It took a long time to think of myself as a “military spouse.”

I know, I know. It sounds silly, right? Not only am I married to someone in the military, but I write two different blogs that talk about being a military spouse… and before that, a military fiancé.

But it did. It took me a really long time.

I didn’t think I’d fit in, not with the kinds of people I thought were military spouses. You know the stereotypes. I don’t need to write them.

The truth was my worry came from ignorance. Before I got married, I only really knew one other military spouse who was my age—and I saw her as the exception to the rule. She was a professional and we got along great… so yeah, she had to be an exception. After all, military spouses were all about tea parties and FRG meetings, right? Stabbing each other in the back, right? Not exactly my thing.

And then I went to a SpouseBuzz get-together and met my friend, Rachel. We weren’t friends yet, obviously, but on the last rainy day of the conference, we decided to go grab lunch and we started talking. And talking. And we found that we couldn’t shut up. We had so many things in common—from leaving our professions to marry our husbands to the difficulties we faced as freelancers to the weird baby questions everyone kept asking.

“I don’t know if I even want to have kids,” I said, feeling like it was completely taboo to say. I almost whispered it. I know I said the words slowly, feeling out her response. It’s always scary to say something that someone else might not agree with; especially when those beliefs seem so deeply ingrained in a community’s culture.

“Me too!” she said. “We’re not there yet.”

Since then, I’ve met many spouses who are different than the stereotype that is consistently plastered over social media and even the way we talk about ourselves and each other. The thing is, the people who do seem to embody the stereotype of everything negative about military spouses are the exception to the rule, not the rule itself.

The military is exceptionally diverse, so it only makes sense that the military spouses are as well. We have different religious beliefs, varied professions, political opinions… the list goes on. We’re not a monolith or group of people with a singular brain or focus.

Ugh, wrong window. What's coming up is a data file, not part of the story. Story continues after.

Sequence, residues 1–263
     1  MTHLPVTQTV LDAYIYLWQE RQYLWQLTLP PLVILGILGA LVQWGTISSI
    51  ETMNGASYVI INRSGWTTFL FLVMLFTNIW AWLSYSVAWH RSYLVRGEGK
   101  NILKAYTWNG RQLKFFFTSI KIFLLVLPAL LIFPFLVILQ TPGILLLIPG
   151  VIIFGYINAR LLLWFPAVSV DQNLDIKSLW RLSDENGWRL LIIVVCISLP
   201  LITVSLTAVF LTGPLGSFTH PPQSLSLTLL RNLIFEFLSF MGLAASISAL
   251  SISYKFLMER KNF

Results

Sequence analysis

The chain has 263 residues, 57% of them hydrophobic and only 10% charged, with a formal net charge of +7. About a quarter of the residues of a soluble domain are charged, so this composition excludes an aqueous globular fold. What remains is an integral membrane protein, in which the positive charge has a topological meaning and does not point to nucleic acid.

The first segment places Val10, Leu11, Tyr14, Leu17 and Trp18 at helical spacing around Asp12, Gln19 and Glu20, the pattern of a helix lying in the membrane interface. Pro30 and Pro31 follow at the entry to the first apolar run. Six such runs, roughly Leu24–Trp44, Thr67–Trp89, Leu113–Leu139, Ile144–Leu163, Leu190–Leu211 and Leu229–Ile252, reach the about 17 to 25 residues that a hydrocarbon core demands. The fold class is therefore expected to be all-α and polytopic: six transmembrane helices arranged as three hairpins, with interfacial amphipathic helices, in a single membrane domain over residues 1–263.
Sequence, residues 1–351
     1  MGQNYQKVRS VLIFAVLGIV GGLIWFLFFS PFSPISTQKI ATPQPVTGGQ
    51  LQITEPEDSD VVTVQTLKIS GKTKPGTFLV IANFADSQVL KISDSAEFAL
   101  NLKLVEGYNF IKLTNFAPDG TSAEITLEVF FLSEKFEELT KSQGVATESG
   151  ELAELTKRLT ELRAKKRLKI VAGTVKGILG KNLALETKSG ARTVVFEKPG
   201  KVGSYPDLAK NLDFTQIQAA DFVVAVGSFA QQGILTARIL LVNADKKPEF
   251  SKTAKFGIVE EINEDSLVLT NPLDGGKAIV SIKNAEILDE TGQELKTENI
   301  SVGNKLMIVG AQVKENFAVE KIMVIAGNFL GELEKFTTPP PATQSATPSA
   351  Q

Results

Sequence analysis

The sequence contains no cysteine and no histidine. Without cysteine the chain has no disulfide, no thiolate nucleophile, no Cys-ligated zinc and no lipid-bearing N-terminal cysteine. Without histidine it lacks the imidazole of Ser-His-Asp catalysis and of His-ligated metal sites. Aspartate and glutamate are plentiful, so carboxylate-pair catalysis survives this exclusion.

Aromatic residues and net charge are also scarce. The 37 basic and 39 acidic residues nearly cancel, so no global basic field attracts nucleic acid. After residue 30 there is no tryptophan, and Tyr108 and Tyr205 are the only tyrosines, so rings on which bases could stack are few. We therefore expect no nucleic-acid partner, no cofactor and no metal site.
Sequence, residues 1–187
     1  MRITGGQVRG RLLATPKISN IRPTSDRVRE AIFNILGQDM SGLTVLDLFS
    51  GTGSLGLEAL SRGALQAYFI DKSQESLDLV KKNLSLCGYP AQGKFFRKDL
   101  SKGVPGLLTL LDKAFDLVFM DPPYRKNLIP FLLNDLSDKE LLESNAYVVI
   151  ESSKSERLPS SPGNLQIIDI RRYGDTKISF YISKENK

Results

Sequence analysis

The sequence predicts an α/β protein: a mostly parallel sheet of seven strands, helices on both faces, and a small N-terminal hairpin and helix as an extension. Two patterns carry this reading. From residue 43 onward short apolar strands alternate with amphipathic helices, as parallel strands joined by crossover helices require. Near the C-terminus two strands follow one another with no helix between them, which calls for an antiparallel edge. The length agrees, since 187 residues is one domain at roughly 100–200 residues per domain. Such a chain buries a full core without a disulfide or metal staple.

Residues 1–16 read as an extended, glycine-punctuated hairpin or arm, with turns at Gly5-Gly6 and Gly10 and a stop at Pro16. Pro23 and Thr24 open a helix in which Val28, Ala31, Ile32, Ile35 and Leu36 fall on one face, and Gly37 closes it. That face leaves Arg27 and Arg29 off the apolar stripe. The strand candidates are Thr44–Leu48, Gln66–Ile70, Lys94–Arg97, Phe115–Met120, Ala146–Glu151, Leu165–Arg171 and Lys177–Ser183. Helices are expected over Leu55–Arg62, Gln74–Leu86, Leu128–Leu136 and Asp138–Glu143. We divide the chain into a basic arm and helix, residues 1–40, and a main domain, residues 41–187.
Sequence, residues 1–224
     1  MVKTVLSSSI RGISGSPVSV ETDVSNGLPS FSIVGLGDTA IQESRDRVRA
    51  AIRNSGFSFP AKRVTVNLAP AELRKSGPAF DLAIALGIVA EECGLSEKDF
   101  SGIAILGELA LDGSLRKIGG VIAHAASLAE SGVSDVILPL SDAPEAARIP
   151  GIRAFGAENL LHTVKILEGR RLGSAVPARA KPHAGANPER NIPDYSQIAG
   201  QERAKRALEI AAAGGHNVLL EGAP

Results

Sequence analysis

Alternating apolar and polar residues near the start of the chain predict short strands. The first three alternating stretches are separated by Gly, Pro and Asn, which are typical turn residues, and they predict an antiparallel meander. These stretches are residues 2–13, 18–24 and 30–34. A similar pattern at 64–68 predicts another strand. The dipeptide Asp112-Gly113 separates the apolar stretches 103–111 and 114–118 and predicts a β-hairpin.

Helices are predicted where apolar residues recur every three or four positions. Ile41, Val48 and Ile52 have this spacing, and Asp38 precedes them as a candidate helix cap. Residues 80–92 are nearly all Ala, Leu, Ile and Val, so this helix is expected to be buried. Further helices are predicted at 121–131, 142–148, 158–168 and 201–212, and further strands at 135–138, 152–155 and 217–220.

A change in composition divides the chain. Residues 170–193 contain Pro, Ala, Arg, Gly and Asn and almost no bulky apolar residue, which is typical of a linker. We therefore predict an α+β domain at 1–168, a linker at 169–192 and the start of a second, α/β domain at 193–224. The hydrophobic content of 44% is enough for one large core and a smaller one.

So why does it often feel that way, especially when you’re trying to find your place in the group?

The military spouses I’ve met are incredibly strong, dedicated people. They’re passionate. They’re helpful and responsible. They’re men and women with all different abilities and degrees and skills and life experiences. Why can’t they be the stereotype we think of when we hear “military spouse”?

We need to tell our stories more often because, although the stereotypes speak louder than just one or two of us, they can’t drown out a chorus. We need to be confident– to speak up when our opinions, beliefs, or experiences are different from the majority or what we think are the talking points for the military community.

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It’s tough to speak up, to go against the perceived grain. It’s really tough, but having not only one strong, clear voice, but thousands of them will help us all in the long run. With more stories and more dialogue, we give more people the opportunity to who we are. We can show each other that we have more in common than just our military spouse status. We can bring spouses in who often feel like they’re on the outskirts of the community and connect with them in ways that aren’t superficial or forced.

Here’s my challenge to you:

Spend time telling your story the next time you meet someone, military-affiliated or otherwise. Talk about your challenges and triumphs. Don’t let yourself toe a line just because you feel that you should. But most importantly, talk about your story. It makes a difference.

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